I’m taking this opportunity to be a ‘Wise Advisor’ solving all your supervisor problems! From my previous experience, and talking at length with other postgrads, most of the criticisms that students have regarding their supervisors relates to concerns about the lack of time the supervisor has to guide research, to answer e-mails, to correct chapters and papers, to reply to questions or even to have a good conversation – like those that clarify your research question and make you say: ‘aaaahhhh! Now I get it!’. The supervisor has a key role in the academic life of students. Not only is the supervisor important in introducing the student to a whole new area of knowledge, but there is also a whole bunch of paperwork regarding scholarships, reports, corrections of manuscripts and statements, meetings and conferences, where students are completely dependent on the supervisor. Supervisors can be so important that in some parts of the world supervisors might affectionately be referred to as ‘mum’ or ‘dad’. And this comparison makes sense when you think that supervisors are guiding you through your professional life, just like your parents try to guide you through your life (before you end up finding your own pathway and surviving perfectly well, thank you very much!). However, put up your hand if you have never waited days for an email response from your supervisor! Not to mention that article manuscript that has been waiting for an “ok” since the world began. What few students take into consideration is that the vast majority of academics are already working one more day a week than they are contracted POSTSCRIPT 2015 | PAGE 26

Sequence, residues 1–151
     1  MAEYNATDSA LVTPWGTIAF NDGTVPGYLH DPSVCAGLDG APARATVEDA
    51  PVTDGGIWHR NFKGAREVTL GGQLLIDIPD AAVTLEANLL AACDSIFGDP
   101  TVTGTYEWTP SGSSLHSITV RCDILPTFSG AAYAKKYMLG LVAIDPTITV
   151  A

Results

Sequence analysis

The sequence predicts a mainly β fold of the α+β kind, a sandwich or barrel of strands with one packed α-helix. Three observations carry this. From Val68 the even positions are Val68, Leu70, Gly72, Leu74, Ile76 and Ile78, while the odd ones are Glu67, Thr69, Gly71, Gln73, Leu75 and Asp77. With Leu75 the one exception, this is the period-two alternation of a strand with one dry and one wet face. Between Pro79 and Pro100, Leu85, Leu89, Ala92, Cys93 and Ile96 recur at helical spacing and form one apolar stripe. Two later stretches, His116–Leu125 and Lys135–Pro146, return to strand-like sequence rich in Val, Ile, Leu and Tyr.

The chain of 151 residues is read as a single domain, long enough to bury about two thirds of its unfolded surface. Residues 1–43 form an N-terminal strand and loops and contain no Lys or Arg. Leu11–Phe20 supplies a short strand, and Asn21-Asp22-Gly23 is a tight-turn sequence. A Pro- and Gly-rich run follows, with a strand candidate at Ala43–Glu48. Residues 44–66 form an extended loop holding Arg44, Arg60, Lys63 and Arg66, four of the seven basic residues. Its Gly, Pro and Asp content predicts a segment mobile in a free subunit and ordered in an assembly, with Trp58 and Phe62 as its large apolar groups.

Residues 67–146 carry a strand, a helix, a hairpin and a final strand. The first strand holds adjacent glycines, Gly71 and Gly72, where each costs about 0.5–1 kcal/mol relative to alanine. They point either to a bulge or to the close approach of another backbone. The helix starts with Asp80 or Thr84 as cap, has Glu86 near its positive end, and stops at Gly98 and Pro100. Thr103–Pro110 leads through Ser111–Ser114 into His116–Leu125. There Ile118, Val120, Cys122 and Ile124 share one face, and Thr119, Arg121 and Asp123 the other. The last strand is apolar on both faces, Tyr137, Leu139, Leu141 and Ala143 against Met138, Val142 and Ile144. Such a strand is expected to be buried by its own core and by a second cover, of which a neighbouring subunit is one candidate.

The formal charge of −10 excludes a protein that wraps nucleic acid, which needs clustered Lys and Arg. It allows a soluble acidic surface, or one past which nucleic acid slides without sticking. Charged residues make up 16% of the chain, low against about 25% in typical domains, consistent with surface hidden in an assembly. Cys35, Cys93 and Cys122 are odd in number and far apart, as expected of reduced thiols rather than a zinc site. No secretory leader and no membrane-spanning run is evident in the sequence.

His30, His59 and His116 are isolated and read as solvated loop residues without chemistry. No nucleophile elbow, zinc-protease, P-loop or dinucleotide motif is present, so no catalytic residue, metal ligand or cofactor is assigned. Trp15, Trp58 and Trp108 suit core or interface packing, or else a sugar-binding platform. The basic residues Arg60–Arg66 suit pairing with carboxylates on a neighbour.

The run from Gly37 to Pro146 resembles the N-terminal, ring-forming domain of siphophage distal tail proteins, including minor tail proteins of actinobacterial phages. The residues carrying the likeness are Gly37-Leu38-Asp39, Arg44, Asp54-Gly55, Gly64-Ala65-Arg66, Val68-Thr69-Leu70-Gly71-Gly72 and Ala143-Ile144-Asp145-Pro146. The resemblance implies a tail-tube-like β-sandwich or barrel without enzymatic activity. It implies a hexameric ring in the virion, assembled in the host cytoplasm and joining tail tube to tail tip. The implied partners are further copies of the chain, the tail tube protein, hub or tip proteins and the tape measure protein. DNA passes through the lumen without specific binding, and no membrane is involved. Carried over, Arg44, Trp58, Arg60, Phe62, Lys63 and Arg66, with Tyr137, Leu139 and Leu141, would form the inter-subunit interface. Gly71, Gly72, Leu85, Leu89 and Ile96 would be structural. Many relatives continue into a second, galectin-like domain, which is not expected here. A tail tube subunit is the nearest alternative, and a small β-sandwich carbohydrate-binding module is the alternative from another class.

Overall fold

to. For example, if you really wanted to find my supervisors on a Saturday morning, you would search for them in their offices at uni. Which begs the question, if they are working 24/7, why am I aiming to be an academic? Have you ever looked at what an academic has to do? Teaching undergraduates and masters students, supervising Honours, Masters and PhD projects, “publish or perish”, getting funding for fieldwork, the bureaucracy of keeping the current research funding, writing and correcting reports, papers and exams, peer reviewing papers, various committees, not to mention if your poor supervisor has landed a management or administrative position, which suddenly uses up all the time that they should be spending on their own research. I know it may be a shock to some students, but there comes a time when you need to hear it from someone else: your advisor does other things in life besides supervise you. The fact is that there is virtually no preparation for academic advising. There are few moments in the academic pathway that guidance is put under discussion. While there are a multitude of pedagogical techniques for honing supervision skills, these seem to be unknown to supervisors tasked with leading a newbie researcher down the path of enlightenment. Instead, apparently, supervision skills are developed over time through a series of ‘guinea pig’ postgraduate students! So don’t forget that your supervisor isn’t just supervising you, they are also running a finely-tuned, borderline military operation of precision, whilst also learning and making it up as they go along.
by Annie Demosthenous, Submissions Editor of Limina
Limina is a refereed academic journal of historical and cultural studies based at the University of Western. The journal operates with a special commitment to publishing the work of postgraduates and early career researchers, and encourages creative methodologies.
margins’. Limina continues to champion work on the fringes of Arts research.